Actually, these couples are not legally married under federal law.
Actually, the Defense of Marriage Act strips these couples of their marital status as citizens of the United States.
Actually, DOMA denies same-sex couples the fundamental right to marry under federal law and is flatly unconstitutional. But whatever!
So what about the Equal Protection claim? Simpson says that the enactment of DOMA was not an attempt to discriminate against gays, but merely a pragmatic reaction to the pending upheaval in state marriage laws. He also insists that gays and lesbians are not a protected class under federal law, and that no heightened legal review is necessary on that score. (Unfortunately, the federal appellate court that governs this case agrees that discrimination against gays does not require special scrutiny.)
The brief was not unexpected, and it included several positions established in Simpsonâ€™s previous DOMA defense. It acknowledged that the administration opposes DOMA on policy grounds, but claims (erroneously) that the Justice Department is honor bound to defend federal laws, even when it disagrees with those laws on principle. The brief also condemns the anti-gay notion that the state has a vested interest in promoting heterosexual families and parents above all others.
You recall of course, the very first DOMA brief that ripped us to shreds. This is the third DOMA brief, and certainly not the last. And although the administration has toned down its homophobic rhetoric, the very act of fighting for marriage discrimination is disturbing, disappointing and destructive.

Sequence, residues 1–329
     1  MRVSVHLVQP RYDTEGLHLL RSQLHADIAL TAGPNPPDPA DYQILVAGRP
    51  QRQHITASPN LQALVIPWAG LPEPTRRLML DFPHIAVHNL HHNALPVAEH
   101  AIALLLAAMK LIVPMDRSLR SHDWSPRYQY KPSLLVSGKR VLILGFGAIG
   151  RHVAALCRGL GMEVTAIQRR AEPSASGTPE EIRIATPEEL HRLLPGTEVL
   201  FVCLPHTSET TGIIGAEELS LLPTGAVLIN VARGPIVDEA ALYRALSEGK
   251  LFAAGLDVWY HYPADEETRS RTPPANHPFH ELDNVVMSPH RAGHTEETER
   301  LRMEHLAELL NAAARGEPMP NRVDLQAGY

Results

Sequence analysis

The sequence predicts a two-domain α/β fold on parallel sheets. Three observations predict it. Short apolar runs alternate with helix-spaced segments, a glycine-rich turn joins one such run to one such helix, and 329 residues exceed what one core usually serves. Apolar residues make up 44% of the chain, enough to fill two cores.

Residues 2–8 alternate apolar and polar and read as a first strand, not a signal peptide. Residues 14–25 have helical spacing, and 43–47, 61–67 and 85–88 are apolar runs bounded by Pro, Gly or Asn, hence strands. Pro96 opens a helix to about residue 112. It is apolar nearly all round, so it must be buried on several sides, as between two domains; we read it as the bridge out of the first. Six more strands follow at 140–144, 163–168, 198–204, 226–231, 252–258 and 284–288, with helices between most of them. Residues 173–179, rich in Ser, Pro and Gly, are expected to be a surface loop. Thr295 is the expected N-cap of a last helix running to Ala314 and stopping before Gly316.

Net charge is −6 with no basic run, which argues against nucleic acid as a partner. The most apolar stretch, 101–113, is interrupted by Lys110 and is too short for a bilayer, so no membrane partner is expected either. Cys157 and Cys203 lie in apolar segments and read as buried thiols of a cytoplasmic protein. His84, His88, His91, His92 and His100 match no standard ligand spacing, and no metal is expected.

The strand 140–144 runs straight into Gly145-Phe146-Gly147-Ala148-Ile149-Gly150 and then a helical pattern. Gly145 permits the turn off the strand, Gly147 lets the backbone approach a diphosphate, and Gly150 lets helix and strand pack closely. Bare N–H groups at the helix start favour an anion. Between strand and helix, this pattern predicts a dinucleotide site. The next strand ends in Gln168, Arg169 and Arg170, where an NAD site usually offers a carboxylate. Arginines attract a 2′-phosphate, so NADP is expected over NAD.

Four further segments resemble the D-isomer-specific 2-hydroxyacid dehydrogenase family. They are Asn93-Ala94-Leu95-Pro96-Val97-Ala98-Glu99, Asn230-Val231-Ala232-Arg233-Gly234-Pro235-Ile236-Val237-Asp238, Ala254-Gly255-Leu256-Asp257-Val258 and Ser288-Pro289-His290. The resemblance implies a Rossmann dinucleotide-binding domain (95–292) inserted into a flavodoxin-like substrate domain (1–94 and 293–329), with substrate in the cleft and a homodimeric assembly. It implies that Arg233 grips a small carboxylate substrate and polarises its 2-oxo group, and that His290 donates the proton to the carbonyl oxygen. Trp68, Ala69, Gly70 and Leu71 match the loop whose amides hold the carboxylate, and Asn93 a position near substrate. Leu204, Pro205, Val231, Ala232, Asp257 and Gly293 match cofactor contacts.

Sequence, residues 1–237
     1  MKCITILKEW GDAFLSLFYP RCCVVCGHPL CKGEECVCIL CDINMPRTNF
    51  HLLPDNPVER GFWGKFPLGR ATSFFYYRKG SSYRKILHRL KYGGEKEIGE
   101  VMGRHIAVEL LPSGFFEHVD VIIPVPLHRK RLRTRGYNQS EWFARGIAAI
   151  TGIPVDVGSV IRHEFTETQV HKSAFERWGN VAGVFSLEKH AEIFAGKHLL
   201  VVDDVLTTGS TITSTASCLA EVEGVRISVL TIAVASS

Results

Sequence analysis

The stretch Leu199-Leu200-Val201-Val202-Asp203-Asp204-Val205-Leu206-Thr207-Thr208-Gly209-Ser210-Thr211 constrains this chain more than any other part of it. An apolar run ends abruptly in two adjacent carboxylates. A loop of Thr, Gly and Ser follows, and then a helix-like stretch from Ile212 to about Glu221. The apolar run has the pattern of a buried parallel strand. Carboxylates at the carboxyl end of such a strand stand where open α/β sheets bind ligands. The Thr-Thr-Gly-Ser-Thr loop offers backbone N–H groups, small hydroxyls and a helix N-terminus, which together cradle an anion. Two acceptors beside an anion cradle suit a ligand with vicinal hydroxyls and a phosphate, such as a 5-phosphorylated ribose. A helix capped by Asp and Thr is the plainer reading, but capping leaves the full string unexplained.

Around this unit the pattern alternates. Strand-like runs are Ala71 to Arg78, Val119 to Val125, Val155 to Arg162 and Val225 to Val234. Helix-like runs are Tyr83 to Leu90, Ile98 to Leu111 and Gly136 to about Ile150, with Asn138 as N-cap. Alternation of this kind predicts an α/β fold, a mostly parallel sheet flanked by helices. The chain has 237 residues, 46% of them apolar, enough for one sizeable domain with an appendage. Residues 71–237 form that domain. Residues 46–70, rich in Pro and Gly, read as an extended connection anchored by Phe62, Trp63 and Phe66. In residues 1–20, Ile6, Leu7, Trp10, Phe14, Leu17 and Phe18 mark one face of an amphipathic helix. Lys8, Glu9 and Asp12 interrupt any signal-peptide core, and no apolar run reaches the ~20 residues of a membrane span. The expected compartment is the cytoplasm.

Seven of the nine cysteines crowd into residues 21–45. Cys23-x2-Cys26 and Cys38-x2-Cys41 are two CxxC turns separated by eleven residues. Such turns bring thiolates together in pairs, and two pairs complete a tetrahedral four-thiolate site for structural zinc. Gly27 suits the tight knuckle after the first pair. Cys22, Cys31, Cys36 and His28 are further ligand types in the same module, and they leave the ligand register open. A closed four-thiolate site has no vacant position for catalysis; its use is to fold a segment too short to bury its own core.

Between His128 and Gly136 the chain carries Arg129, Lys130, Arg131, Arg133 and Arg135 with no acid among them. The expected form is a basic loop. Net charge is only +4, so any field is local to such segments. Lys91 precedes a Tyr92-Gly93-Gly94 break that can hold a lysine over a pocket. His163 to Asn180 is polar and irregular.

In Praise of Bush
Obamaâ€™s indifference to marriage equality kind of reminds me of George Bushâ€™s lackadaisical attitude towards the Federal Marriage Amendment, which he supported in speeches but never pushed politically, much to the anguish of the religious right.
Sure enough, that new book by one of his speechwriters includes a story about how Bush dropped some anti-marriage language from a 2008 commencement speech at Furman University. According to the Huffington Post, the lame duck president reportedly said the slap at gay marriage was too â€ścondemnatory,â€ť adding, â€śIâ€™m not going tell some gay kid in the audience that he canâ€™t get married.â€ť
HuffPo was quoting from Speechless by Matt Latimer, which also described the ex-presidentâ€™s disdain for Sarah Palin. Whoâ€™d a thunk it?
Tangent alert! I just clicked on an email from Whole Foods that includes the suggestion: â€śSave Time With Online Shopping Lists.â€ť The clever tip encourages us to â€śadd ingredients from your favorite recipes to your shopping list, then email it, send it to your phone, or print it.â€ť A link at the end will let you: â€śfind out how to get started.â€ť